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By Anonymous January 25, 2009 - 7:24pm
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Causes of vertigo could be serious neurological disorders like multiple sclerosis, brain hemorrhage, or stroke. Sometimes, vertigo can even be triggered off by rapid changes in motion such as rides in roller coasters, airplanes, cars, and boats.

March 15, 2011 - 3:37am

I suffer from vertigo and know that it's because of an inner ear issue combined with far-sightedness. Odd carpet patterns can make me feel dizzy.

More on causes of vertigo

January 26, 2009 - 6:22pm

Anon, are you dealing with vertigo?

Have you had episodes before? How long do they last?

I've had several bouts of vertigo, and honestly we never figured out why. I even started wondering if something seasonal can set it off, like extreme levels of tree or mold pollen. It's annoying and difficult to deal with at best, and at its worst you can feel sick, miserable and depressed.

Know that small doses of motion-sickness medicine (like Bonine, which is meclizine) can help you get through the vertigo days. Also, you almost have to learn not to trust your sense of balance for a few days -- be sure that when you walk, you have a hand on the wall. If you are seated at the table and feel like suddenly you are falling, put a hand on the table and will yourself to sit still -- even though it feels wrong. If you are in bed and you feel like you're falling out, focus on being still. You eventually can train yourself to be still even when you feel like you are losing your balance, and that small amount of control helps a lot.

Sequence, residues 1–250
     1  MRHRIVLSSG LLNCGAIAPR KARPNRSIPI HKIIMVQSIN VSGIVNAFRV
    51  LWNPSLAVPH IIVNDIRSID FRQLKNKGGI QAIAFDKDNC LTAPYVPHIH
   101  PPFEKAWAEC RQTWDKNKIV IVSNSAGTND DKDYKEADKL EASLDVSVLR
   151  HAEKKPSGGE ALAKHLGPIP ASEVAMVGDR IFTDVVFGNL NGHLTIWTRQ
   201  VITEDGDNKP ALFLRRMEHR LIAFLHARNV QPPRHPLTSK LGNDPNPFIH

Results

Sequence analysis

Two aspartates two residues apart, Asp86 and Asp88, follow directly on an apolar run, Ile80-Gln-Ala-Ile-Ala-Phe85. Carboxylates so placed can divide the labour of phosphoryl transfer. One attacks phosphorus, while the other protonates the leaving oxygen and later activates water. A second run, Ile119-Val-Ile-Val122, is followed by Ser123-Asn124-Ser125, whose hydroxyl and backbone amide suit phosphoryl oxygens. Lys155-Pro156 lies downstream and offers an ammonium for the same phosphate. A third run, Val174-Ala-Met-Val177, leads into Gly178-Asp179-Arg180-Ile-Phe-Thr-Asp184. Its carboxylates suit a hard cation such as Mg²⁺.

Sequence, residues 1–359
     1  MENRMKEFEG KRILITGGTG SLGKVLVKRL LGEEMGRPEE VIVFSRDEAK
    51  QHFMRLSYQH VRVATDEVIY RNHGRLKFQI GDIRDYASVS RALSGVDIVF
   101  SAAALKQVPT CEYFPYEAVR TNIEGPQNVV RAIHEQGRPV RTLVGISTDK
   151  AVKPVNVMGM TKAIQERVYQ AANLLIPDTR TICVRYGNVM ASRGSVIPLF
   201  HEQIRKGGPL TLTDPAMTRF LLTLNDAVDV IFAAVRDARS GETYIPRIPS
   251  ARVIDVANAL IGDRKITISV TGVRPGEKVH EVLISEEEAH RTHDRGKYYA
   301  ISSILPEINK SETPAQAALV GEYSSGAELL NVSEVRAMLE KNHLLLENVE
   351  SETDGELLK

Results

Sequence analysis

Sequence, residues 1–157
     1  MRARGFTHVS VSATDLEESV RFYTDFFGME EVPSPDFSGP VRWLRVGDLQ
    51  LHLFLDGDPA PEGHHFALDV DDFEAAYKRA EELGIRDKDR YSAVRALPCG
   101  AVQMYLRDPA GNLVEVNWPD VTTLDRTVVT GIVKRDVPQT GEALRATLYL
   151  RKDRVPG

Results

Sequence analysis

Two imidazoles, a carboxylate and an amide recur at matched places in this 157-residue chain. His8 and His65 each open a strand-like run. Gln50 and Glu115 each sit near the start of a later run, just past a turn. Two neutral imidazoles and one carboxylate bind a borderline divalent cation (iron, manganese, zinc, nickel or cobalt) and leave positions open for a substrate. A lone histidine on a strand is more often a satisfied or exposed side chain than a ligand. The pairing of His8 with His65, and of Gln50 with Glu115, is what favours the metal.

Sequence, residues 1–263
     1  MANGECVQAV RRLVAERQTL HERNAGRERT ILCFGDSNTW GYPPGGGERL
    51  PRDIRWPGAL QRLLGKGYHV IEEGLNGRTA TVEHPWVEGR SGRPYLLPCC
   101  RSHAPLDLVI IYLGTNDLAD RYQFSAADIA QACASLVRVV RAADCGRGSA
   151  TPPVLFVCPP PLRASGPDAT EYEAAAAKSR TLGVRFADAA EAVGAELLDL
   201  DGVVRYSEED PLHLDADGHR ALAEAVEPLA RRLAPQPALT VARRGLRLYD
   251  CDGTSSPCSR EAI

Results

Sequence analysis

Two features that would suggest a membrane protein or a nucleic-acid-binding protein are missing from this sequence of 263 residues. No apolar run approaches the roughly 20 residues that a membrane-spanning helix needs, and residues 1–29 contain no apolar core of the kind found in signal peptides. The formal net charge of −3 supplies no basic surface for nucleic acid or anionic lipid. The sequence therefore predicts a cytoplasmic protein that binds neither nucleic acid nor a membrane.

Hang in there. I know how bad it can be. Ginger ale and saltines do a lot for the nausea as well.

January 26, 2009 - 10:55am

Would you like to know the causes of vertigo?

If so, the Mayo Clinic has the best descriptions found here.

A summary:
Vertigo usually results from a problem with the nerves and the structures of the balance mechanism in your inner ear.

- Benign paroxysmal positional vertigo (BPPV). Often occurs when getting out of bed in the morning (changing positions). Doctors aren't sure what causes BPPV, but may be a normal part of aging.
- Inflammation of inner ear ("vestibular neuronitis"). Generally subsides and clears up on its own
- Meniere's disease. Excess fluid build-up in ear. Cause is unknown.
- Migraine-related vertigo.
- Other causes are also listed

What are your symptoms? How long have you been having them? How old are you, and do you have any other medical conditions or medication that you are taking?

January 25, 2009 - 7:42pm
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